Mineral oil I think breaks down also. Synlube doesn't break down and produce sludge because it doesn't have the sulfur compounds in it like convential oils and it also relies on the solids Moly and PTFE to lubricate and the liquid part to carry the solids through the engine. It also seals the cylinder to ring area to reduce blowby and has graphite to absorb moisture when the lube and engine is cool and then releases the moisture from the graphite when the engine gets hot enough and vents the steam back through the PCV valve. The better filter they provide has does a much better job of filtering the oil along with Neo Magnets to remove trace metal particles.
Check out the postings by budman on his 50k run with Synlube.. He went from overboard advocate to "what was I thinking"....
The entire motor oil industry is up to thier elbows in hype...at SynLube, they appear to be up to thier necks.
Sorry JanGeo, but from where I'm standing trying SynLube is akin to joining a cult...you can't really join without becoming a believer.
__________________ 1993 Volvo 240 Wagon - 323k miles (awaiting recommissioning) 1999 Audi A6 Avant Quattro - 149k miles(the NEW daily driver)
One thing to consider is the testing done by Lou. Mostly at a steady speed 50 mph,with a fully warmed up vehicle.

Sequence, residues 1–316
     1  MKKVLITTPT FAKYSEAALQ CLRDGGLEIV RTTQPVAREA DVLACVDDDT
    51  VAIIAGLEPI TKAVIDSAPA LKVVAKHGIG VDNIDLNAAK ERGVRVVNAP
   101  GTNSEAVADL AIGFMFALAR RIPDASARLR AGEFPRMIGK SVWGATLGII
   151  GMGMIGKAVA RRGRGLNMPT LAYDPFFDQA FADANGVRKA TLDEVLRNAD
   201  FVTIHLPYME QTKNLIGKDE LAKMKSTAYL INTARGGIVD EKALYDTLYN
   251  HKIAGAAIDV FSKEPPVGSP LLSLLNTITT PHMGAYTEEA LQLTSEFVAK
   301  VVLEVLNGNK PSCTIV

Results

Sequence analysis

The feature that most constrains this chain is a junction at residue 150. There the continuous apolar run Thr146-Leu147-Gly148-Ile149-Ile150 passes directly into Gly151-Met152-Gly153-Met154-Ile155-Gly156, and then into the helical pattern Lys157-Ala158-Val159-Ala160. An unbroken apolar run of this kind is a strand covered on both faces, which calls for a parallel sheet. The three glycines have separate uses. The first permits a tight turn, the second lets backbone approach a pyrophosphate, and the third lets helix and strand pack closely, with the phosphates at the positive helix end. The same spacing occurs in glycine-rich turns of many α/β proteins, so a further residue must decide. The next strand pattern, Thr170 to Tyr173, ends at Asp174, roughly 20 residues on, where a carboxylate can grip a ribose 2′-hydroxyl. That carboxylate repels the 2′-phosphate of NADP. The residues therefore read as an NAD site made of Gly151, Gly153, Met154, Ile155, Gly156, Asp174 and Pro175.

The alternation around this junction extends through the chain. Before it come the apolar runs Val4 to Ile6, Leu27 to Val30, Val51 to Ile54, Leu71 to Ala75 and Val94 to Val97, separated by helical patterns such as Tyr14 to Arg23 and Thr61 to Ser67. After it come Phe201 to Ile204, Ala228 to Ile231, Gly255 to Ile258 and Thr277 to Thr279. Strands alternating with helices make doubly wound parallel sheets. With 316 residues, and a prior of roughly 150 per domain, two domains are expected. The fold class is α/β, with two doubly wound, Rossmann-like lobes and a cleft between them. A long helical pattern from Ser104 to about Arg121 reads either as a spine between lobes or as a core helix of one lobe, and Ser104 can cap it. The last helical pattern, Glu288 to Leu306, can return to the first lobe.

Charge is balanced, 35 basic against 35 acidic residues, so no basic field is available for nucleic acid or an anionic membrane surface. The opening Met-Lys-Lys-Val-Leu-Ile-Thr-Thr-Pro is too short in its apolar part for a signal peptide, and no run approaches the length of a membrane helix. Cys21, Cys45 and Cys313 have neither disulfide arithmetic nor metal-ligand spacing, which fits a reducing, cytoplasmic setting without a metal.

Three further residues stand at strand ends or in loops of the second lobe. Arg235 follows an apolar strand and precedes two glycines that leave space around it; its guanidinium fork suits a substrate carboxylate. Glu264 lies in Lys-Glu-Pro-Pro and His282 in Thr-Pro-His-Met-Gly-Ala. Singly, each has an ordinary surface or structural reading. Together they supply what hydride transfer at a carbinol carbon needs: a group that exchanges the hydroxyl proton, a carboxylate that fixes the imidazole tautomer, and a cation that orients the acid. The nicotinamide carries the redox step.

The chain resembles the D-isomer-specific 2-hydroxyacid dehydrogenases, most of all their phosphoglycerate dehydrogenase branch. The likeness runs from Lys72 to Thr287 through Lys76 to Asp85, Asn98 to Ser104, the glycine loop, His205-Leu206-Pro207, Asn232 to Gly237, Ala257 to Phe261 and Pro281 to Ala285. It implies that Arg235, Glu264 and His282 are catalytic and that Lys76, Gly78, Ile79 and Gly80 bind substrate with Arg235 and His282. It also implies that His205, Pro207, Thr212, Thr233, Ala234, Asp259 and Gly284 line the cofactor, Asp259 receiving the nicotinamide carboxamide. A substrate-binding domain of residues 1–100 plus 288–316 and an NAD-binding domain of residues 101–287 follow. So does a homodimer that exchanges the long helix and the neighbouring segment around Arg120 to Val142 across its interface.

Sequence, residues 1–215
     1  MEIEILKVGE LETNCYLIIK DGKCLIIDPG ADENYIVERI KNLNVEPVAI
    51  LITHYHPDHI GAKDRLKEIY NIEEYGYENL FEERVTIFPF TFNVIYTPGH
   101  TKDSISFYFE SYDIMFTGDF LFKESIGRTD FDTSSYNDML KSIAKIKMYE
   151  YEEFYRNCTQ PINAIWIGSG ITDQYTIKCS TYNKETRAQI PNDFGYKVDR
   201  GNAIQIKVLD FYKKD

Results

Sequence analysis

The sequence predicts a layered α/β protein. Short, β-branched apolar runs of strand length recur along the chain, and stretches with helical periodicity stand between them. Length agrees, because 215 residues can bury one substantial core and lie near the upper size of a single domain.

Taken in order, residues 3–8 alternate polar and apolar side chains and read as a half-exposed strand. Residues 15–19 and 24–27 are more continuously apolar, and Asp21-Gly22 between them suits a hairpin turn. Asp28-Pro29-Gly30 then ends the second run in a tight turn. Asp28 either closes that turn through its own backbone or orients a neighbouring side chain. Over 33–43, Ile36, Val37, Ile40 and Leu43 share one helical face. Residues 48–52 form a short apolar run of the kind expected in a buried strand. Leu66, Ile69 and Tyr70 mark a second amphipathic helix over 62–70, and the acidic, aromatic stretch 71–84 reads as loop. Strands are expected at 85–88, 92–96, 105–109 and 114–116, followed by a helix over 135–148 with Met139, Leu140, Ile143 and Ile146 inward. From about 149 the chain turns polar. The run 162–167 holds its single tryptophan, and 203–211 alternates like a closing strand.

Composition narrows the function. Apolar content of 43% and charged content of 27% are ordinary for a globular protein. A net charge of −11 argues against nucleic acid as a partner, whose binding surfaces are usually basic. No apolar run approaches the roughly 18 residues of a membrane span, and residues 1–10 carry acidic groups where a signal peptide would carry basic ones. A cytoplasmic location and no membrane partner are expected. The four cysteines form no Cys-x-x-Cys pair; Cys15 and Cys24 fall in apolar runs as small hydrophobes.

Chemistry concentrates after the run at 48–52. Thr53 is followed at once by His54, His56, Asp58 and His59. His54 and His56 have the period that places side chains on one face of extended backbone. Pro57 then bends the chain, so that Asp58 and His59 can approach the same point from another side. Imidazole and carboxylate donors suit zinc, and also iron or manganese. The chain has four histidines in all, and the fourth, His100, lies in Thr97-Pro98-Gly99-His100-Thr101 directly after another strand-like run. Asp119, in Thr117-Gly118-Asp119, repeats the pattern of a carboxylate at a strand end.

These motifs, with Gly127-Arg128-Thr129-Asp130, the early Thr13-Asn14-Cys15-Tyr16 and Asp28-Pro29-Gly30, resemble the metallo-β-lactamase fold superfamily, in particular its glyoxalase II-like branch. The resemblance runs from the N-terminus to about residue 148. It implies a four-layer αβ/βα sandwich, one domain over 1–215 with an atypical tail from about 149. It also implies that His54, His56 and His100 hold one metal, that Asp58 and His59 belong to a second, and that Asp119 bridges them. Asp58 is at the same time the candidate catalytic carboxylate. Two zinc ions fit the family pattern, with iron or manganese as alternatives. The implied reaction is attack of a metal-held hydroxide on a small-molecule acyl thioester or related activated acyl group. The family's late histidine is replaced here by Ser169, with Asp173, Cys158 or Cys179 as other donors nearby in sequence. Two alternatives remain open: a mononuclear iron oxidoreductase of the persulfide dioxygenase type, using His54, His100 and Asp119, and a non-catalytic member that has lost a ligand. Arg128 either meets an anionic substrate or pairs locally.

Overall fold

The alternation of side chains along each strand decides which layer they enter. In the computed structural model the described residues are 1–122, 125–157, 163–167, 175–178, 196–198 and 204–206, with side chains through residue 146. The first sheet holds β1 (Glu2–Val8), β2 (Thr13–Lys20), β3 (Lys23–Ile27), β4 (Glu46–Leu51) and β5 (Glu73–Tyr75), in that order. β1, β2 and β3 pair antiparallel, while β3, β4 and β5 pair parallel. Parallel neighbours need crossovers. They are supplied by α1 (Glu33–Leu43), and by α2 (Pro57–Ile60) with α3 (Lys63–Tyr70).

I have no doubt you can get the same results with the same kind of testing, however most of us have to start cold, and there is no question that thinner oils will give you better FE during warmup, esp. in winter.
But I think this is a individual thing, your results will vary depending on the condition of your engine and the number of cold starts per tank.
around here our winters are usualyl around 15*F(avg) and it oh so nicely works out that late october/nov that i need to have an oil change so i usually switch over to 5w-30 in my truck and in the late spring to 10w30. my truck uses NO oil between changes so why mess with that works? it was designed to run on dino oil so its gonna be ran on dino oil...